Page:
As I have argued elsewhere, scholars from outside the Anglophone alignment provide perspectives that help reshape our sense of the past and the ways we have used the past to justify ourselves as individuals, as communities, as nations, and as allies. [3] These scholars fortify recent research in medievalism that exposes the misperceptions at the root of nationalist medievalism's much beloved image of a somewhat isolated proto-nation populated by a single people speaking one common vernacular. Now that the image of medieval Europe as a series of isolated states has been replaced with a medieval Europe that is more cosmopolitan—where people were more mobile, more polyglot, and less ethnically pure than has been imagined—global Chaucerians can help us locate “both non-foundational and non-imperial ways for ‘doing medieval studies’ in a post-national, neo-colonial world.”[4]

Not only do translators and scholars with non-European linguistic and cultural heritages provide perspectives and knowledge otherwise unavailable to us, they remind us of the fruitful consequences of collaboration. For instance, none of us can master all the languages necessary to study the global reception of medieval texts and artifacts; however, by creating a network of scholars and translators, we can uncover exciting global exchanges, which will in turn help us understand how the European Middle Ages and their subsequence reception were shaped by a whirling circulation of languages and cultures. Despite their inadequate access to research materials and limited opportunities to participate in larger conversations, we have found these Chaucerians have much to teach us.

If we want this larger, more global understanding of Chaucer’s reception and his texts, then we must be more sensitive to the extreme isolation, both geographical and institutional, under which these Chaucerians work. Because many of them teach English-language literature in small comparative literature or foreign language departments, these scholars are often the only ones at their universities working in medieval studies. Their resources are often minuscule, and they are often unfamiliar with publication practices inside the Anglophone alignment. They receive little mentoring, even less active sponsoring, and as a result can feel unwelcomed at our conferences and excluded from our publications. Not only are these Chaucerians and their contributions often invisible to the larger field of scholars, but, as the events in Turkey have illustrated, these Chaucerians are extremely vulnerable.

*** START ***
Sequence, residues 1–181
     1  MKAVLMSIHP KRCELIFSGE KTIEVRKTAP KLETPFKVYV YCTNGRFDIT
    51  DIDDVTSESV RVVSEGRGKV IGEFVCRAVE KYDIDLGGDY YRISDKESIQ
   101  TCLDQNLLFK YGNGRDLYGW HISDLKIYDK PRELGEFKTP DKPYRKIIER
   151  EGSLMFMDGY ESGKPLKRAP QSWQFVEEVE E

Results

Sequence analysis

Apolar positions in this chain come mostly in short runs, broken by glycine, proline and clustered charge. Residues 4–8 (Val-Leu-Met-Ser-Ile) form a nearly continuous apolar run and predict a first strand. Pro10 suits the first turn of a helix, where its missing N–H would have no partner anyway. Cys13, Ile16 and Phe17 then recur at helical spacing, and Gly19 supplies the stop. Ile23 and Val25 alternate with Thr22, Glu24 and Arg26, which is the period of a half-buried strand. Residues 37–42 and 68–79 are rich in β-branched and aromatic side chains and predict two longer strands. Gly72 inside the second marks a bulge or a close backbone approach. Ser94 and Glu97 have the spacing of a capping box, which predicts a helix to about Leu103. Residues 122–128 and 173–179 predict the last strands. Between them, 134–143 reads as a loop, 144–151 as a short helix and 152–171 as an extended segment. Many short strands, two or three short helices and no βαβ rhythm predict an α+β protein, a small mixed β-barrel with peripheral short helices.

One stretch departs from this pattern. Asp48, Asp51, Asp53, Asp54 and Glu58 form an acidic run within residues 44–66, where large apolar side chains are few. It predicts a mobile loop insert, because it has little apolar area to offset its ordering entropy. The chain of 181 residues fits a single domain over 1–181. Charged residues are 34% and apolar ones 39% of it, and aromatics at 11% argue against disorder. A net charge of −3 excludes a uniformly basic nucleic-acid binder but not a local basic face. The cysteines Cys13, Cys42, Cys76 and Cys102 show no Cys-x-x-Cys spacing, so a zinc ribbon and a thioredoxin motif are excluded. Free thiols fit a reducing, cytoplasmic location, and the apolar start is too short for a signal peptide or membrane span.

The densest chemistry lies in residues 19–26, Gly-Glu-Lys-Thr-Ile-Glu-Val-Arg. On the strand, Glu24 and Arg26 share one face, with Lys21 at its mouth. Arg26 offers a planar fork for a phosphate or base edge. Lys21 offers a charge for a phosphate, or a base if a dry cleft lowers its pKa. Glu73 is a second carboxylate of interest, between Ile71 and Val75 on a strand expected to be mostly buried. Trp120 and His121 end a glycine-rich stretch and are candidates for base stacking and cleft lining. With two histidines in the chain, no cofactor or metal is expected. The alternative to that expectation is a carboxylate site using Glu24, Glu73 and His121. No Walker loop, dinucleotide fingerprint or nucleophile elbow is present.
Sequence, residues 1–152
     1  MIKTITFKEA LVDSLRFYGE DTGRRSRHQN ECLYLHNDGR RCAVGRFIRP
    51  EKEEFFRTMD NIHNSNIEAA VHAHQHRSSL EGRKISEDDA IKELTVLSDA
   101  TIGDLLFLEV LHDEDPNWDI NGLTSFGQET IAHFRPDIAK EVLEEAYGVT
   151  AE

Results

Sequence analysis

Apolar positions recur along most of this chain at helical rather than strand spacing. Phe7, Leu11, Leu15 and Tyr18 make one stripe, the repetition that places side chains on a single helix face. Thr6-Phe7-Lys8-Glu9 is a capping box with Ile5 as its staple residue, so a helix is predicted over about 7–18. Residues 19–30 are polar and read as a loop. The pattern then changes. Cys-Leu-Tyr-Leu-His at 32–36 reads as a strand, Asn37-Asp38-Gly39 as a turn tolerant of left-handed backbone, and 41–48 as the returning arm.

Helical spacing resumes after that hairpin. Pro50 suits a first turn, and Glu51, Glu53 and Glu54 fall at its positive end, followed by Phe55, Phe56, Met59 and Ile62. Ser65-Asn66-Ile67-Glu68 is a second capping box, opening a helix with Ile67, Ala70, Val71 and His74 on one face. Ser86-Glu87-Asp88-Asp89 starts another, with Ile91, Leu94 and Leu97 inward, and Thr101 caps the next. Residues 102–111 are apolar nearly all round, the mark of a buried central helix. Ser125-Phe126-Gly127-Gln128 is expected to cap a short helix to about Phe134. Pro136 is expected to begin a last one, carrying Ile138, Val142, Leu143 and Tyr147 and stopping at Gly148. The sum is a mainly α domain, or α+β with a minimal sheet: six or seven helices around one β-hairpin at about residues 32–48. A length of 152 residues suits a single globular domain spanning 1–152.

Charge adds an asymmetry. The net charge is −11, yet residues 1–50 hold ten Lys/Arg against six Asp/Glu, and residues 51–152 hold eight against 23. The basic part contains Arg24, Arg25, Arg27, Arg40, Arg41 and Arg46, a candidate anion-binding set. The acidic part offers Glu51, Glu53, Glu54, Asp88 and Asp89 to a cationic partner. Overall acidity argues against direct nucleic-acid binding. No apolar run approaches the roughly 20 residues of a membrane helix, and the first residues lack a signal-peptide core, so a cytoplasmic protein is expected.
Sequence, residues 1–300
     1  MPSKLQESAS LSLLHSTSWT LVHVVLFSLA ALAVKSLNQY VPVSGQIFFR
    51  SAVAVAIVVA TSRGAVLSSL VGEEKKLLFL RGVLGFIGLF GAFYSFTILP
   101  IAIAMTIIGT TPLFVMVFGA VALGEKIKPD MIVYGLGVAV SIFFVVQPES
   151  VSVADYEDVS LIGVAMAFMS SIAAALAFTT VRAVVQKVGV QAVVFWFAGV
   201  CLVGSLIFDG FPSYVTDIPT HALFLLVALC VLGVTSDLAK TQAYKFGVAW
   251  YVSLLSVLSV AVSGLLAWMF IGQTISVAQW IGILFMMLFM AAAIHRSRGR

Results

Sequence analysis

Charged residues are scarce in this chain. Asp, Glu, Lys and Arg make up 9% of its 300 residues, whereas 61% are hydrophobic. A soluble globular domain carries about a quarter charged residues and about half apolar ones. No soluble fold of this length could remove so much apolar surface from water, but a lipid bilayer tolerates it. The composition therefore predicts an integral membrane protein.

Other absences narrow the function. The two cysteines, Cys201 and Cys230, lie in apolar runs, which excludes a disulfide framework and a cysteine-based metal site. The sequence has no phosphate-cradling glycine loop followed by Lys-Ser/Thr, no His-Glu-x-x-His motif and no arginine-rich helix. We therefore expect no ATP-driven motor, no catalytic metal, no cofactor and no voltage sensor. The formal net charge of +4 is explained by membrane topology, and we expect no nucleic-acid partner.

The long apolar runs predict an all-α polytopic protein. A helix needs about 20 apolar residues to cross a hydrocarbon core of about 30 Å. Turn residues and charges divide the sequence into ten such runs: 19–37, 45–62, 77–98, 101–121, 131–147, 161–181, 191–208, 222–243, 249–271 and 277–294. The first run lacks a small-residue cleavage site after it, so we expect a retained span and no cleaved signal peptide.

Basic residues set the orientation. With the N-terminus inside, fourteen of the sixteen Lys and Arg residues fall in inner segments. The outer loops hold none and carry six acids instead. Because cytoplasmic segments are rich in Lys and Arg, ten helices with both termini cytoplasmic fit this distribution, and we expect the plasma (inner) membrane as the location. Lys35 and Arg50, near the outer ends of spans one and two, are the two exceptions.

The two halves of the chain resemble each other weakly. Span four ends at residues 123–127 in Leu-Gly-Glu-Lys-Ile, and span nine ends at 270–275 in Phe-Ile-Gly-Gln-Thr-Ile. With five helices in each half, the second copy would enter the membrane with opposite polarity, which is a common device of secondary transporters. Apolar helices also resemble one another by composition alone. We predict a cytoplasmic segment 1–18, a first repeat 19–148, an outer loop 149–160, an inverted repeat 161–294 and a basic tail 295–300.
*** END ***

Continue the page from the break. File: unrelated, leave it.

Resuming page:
At the 2016 NCS Congress, we saw important steps towards bringing these scholars and translators into a larger, more collaborative circle. I counted thirty slots (as either presenters or organizers) filled by members from outside the Anglophone axis. Of those, thirteen hailed from Western Europe (Netherlands, Spain, France, Switzerland, and Germany), four from Scandinavia (Denmark, Iceland, and Norway), and two from Eastern Europe (Poland). Of the remaining twelve, seven work in Asia (Singapore, Japan, and Taiwan), four in the Middle East (Turkey, Israel, and Kuwait), and one in Brazil (who was unable to attend after the Brazilian economy crashed this spring.) I also met additional scholars from Turkey and China who attended the conference but did not participate directly in the program. Each time I listened to them, I learned more about Chaucer and his global reception.

It's time for Chaucerians actively to broaden our circle. I've asked scholars and translators in our Global Chaucers network about the sorts of support they need. Here's what I've heard:

1.     Rethink what we mean by scholarship by recognizing the value of translation and performance.
2.     Offer to share copies of articles and book chapters otherwise unavailable to these Chaucerians.
3.     Explore modes of scholarship more amenable to those with limited resources and different training.
4.     Reinforce the value of reception studies and translation studies in journals and book series that we edit.
5.     Seek scholars and teachers outside the inner-most circles; invite them to collaborate in publication projects and grant opportunities. These scholars and graduate students need more than mentoring—they need active sponsors.
6.     Provide fellowships and other opportunities for scholars outside the inner-circles to study and interact with others.
7.     Develop more open-access resources, such as the Open Access Companion to The Canterbury Tales.
8.     Promote the Chaucer Bibliography, which has become more and more inclusive, thanks to the work of Mark Allen and Stephanie Amsler.

I encourage you to institute and stabilize these and other modes of collaboration and support. Unfolding events have demonstrated the uncertainty of resources and remind us of the value in working together. I suspect the future will only confirm these lessons.

[1] David Matthews, The Making of Middle English, 1765-1910, Medieval Cultures (Minneapolis: University of Minnesota Press, 1999); Stephanie Trigg, Congenial Souls: Reading Chaucer from Medieval to Postmodern (Minneapolis, Minnesota: University of Minnesota Press, 2002).
[2] Nadia Altschul, “Transfer,” in Medievalism: Key Critical Terms, ed. Richard Utz and Elizabeth Emery (Rochester, NY: D. S. Brewer, 2014), 239.
[3] Candace Barrington, “Global Medievalism and Translation,” in Cambridge Companion to Medievalism, ed. Louise D’Arcens (Cambridge: Cambridge University Press, 2016), 195.
[4] Nadia Altschul, “On the Shores of Nationalism: Latin American Philology, Local Histories and Global Designs,” La Corónica 35, no. 2 (2007): 169.